- ‘How comfortable, if at all, would you have felt about using the following types of smartphone apps, before the COVID-19 pandemic?’
- ‘Which of the following reasons describe why you have used these apps? Please select all that apply.’
Respondents were then asked, for apps they had heard of and not used:
- ‘How comfortable, if at all, would you feel using the following types of smartphone apps?’
- ‘How comfortable, if at all, would you have felt about using the following types of smartphone apps, before the COVID-19 pandemic?’
- ‘Which of the following reasons describe why you have not used these apps? Please select all that apply.’
In introducing the issue of vaccine passports, respondents were provided the following information by Survation:
‘Companies are developing “vaccine passport” apps that allow you to prove you have been vaccinated to organisations such as airlines, employers, pubs, insurance companies, the police etc. These organisations may then treat people differently based on their vaccination status, such as requiring it to access an office or venue.
Respondents were then asked:
- ‘To what extent do you agree or disagree that these apps would influence people to get vaccinated?’
- ‘To what extent do you agree or disagree that enough information is available about the effects of vaccines on the individual health risk and spread of COVID-19 for these apps to be used?’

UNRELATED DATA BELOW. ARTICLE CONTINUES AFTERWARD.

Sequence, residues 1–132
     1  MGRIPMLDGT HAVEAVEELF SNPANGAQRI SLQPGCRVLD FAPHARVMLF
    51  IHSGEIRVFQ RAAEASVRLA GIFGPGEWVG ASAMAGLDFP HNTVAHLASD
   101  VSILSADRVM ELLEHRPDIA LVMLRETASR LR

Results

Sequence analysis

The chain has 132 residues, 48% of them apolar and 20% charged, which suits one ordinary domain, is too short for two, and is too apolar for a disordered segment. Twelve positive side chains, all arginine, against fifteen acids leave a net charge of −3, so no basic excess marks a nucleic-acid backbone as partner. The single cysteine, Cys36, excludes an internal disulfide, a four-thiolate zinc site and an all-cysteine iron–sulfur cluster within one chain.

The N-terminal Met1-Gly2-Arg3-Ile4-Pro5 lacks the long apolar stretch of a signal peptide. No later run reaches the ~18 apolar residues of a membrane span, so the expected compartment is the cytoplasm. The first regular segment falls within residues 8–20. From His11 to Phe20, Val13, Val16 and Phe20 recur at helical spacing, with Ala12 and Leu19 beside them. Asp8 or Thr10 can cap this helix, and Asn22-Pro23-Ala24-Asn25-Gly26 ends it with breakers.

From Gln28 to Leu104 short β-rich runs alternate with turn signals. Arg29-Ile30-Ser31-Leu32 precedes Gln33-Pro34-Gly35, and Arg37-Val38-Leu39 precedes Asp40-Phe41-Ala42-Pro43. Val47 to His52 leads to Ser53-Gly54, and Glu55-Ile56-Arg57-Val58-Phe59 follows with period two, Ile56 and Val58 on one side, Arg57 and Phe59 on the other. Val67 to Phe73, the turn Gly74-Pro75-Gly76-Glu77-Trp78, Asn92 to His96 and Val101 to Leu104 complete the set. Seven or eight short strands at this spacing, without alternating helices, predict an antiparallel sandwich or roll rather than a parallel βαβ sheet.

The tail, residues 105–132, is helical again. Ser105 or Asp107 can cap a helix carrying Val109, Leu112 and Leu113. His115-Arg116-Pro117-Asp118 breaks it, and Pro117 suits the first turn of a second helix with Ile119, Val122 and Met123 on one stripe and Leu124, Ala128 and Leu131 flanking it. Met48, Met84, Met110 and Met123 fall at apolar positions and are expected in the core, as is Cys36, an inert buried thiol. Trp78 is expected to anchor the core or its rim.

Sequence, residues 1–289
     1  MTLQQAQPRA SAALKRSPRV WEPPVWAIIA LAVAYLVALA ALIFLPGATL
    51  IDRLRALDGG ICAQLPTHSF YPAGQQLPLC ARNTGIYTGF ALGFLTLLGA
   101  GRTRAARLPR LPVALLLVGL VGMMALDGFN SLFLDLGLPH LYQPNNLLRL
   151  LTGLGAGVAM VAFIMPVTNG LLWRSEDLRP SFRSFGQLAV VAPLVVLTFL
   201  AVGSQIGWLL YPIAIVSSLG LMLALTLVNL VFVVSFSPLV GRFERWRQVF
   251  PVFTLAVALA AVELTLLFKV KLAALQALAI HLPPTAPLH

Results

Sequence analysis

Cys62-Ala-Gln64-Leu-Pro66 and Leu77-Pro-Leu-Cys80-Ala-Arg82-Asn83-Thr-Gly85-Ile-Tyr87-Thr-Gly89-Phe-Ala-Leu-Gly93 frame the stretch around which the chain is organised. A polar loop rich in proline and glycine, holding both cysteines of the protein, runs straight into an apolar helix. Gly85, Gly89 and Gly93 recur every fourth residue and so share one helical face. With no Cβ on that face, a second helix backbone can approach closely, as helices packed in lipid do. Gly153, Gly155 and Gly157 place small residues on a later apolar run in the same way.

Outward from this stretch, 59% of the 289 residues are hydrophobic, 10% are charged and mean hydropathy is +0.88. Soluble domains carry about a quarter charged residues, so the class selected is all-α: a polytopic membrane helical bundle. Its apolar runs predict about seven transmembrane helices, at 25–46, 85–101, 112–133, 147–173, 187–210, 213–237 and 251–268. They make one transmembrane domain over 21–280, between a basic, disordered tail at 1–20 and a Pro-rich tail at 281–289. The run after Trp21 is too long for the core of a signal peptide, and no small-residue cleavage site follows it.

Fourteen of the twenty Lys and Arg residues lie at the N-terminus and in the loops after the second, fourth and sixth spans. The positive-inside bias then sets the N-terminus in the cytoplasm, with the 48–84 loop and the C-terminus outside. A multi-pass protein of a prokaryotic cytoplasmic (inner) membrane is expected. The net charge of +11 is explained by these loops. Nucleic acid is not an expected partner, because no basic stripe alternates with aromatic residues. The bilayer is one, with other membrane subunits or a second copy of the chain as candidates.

- ‘To what extent do you agree or disagree that it would be fair to treat vaccinated people differently from those who haven’t yet been vaccinated or are unable to be vaccinated?’
- ‘How likely, if at all, do you think it is that a vaccine-passport scheme would lead to marginalised groups, such as young people, people who are shielding, members of the LGBTQI+ community, people from an ethnic minority background, those who are in precarious work (e.g. on zero hours contracts or gig workers) to be discriminated against?’
- ‘How concerned, if at all, would you be that a vaccine-passport scheme would lead to you being discriminated against?’
- ‘To what extent do you agree or disagree that the Government should ban these apps from being developed and used?’
|Total weighted||Total unweighted|
|Black, Asian and minority ethnic communities||11%||27%|
|Household income p.a.||£0 – 19,999||25%||29%|
|£20,000 – £39,999||24%||23%|
|Disability or long-term health condition||Yes||19%||21%|
|COVID-19 clinical vulnerability||Low||56%||47%|
|Moderate (clinically vulnerable)||26%||30%|
|High (clinically extremely vulnerable)||14%||19%|
This report was lead authored by Reema Patel, with significant contributions from Elliot Jones and Aidan Peppin.
Preferred citation: Ada Lovelace Institute. (2021). The data divide. Available at: https://www.adalovelaceinstitute.org/report/the-data-divide/
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- This figure is likely to be slightly higher than reported, as all survey respondents would have required access to a landline or a mobile telephone.